setup

When that’s done, you should be up and running with a complete install of the Windows 10.

What Next?

With Windows 10 freshly installed on your computer, it’s time to test out some of the new features that Windows 10 will offer in its full release. Many of these new pieces of functionality are at their best when they’re in use on a touch-enabled or two-in-one device, but even if you’re using a conventional desktop PC, there are things for you to try out.

Changes to the Desktop

Depending on what version of Windows you upgraded from, you’ll see different changes to the Desktop; for instance, Windows 8 users will find that it’s now the first thing to fill your screen as you power on, rather than the Start Screen. This has booting to desktop has been a popular tweak, but it was formerly a customization that individuals would have to implement for themselves — now, it seems that Microsoft is following the wisdom of their users.

startmenu

However, that’s not the only change that’s been made. The Start Screen has been absorbed into the Start Menu, retaining the same tile-based interface, but being made more easy to access from within the Desktop environment. There’s also a search bar in the Taskbar by default, which can either search your computer or use Bing to search the Internet.

Universal Apps

It seems that what was once referred to as Modern apps is being rebranded as Universal apps, in light of Microsoft’s push to offer software that offers a comparable experience regardless of what device you’re using. An early preview of the touch-enabled version of Microsoft’s Office suite is currently available for users running the Technical Preview to download and test out, with the core lineup of Word, Excel and PowerPoint all included.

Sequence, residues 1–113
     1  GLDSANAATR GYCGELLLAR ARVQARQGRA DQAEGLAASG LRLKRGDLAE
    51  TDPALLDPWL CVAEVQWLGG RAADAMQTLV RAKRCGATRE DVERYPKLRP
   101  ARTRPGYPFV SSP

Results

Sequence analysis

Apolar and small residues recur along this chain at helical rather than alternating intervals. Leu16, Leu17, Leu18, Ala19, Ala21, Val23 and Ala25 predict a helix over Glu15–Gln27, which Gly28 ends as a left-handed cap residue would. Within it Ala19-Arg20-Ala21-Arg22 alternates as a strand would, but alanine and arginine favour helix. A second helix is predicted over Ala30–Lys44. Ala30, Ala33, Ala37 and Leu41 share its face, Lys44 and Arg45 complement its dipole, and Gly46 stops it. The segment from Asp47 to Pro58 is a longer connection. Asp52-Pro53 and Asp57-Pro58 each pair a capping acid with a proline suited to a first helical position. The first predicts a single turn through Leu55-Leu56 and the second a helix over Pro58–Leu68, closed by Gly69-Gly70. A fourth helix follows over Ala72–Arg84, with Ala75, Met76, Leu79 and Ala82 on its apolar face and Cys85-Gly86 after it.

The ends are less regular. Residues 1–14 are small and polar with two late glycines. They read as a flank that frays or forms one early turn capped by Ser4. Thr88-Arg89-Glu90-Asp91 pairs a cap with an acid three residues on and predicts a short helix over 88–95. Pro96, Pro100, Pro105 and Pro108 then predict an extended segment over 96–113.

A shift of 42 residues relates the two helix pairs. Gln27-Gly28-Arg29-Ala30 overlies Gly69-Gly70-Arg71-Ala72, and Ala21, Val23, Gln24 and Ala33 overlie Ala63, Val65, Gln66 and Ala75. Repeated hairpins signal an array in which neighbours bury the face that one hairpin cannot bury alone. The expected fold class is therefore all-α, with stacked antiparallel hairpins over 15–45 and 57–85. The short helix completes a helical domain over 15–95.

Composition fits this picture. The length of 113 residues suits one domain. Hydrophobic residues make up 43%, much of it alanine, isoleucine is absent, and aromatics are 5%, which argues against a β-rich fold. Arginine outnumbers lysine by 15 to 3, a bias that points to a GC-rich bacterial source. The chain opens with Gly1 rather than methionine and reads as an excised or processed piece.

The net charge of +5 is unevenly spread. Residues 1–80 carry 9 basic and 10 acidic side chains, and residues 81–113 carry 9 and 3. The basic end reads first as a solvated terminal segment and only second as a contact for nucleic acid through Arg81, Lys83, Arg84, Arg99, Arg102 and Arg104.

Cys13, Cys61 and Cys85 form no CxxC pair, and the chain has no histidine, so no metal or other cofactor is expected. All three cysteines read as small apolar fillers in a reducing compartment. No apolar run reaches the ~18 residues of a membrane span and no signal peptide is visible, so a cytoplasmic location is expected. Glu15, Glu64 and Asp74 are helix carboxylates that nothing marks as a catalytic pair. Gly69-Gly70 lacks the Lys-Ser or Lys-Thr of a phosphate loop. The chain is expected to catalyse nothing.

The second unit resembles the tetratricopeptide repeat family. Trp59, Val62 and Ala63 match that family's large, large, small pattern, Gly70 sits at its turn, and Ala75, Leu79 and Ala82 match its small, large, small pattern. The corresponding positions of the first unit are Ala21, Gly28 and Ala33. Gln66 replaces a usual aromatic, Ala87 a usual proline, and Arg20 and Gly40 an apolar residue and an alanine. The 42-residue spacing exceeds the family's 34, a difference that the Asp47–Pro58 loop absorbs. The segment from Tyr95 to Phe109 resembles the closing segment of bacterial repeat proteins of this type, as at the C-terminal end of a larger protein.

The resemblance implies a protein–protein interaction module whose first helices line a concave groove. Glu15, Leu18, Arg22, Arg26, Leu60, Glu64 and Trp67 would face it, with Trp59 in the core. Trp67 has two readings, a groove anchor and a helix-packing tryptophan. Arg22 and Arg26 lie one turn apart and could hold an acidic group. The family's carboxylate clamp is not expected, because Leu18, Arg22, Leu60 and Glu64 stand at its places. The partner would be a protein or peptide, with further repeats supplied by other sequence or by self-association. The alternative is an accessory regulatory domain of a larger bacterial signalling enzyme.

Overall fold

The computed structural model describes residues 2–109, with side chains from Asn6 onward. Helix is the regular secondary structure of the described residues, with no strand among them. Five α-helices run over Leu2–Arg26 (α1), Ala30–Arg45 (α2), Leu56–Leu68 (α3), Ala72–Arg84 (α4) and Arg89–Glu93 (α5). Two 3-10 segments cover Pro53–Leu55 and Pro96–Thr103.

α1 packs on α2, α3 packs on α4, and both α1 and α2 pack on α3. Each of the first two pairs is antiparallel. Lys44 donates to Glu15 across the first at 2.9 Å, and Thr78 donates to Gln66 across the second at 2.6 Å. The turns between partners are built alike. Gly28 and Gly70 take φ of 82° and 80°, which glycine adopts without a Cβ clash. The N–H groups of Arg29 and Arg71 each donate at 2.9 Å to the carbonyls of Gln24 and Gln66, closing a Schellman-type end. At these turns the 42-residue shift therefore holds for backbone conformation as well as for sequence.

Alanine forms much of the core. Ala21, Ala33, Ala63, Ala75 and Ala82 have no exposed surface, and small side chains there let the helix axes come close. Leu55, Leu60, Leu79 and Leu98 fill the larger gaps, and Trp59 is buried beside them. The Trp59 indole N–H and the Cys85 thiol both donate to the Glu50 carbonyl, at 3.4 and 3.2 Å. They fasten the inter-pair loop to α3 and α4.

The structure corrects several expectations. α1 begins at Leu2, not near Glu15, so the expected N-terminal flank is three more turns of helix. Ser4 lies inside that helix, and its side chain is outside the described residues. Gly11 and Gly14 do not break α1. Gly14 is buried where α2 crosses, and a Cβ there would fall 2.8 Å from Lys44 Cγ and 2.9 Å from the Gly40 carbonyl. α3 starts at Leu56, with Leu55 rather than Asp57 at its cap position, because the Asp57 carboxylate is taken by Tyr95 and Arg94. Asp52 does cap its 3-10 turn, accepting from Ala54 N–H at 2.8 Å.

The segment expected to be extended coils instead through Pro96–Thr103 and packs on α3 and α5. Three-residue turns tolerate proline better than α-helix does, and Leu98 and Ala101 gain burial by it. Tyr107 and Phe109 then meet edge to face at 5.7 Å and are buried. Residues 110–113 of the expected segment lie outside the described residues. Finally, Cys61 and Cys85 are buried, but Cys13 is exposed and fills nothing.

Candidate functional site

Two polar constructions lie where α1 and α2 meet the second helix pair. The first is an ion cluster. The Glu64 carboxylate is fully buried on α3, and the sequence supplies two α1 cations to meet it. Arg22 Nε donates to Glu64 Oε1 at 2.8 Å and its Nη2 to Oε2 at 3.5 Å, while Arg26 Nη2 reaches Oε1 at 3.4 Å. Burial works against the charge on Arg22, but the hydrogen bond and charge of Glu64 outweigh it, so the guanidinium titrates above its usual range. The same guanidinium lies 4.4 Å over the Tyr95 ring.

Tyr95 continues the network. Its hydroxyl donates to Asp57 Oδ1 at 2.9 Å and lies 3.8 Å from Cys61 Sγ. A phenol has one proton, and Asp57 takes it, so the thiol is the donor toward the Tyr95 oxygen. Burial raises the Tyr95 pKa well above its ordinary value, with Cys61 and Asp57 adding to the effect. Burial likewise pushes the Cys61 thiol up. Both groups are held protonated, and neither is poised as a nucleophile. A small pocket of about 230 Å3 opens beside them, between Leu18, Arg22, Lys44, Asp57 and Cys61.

desktop-app

 Apps in general have undergone quite a sizeable change, too; you can now launch them to the Desktop as a window of their own. This is one of many tweaks in Windows 10 that aim to integrate the Modern interface into the traditional Desktop, rather than previous attempts to keep the two separate from one another.

Task View & More

There are plenty of new features and tweaks to take in following your update to Windows 10 — but if things get too overwhelming, you can always turn to Task View to help simplify things.

taskview

This new feature allows users to take stock of all the programs that they have running, and separate them out into different Desktops to perform different tasks. Mac users will perhaps recognize this sort of functionality from OS X’s Mission Control, and it’s certainly a handy tool to have at your disposal.

Between the all-new features and the tweaks to existing functionality, it seems that the future of Windows is very bright indeed. Microsoft will be taking on board user feedback from the Technical Preview to refine the full release, so if you’re keen to play a part in the way that Windows 10 is shaping up, there’s not time like the present to get started.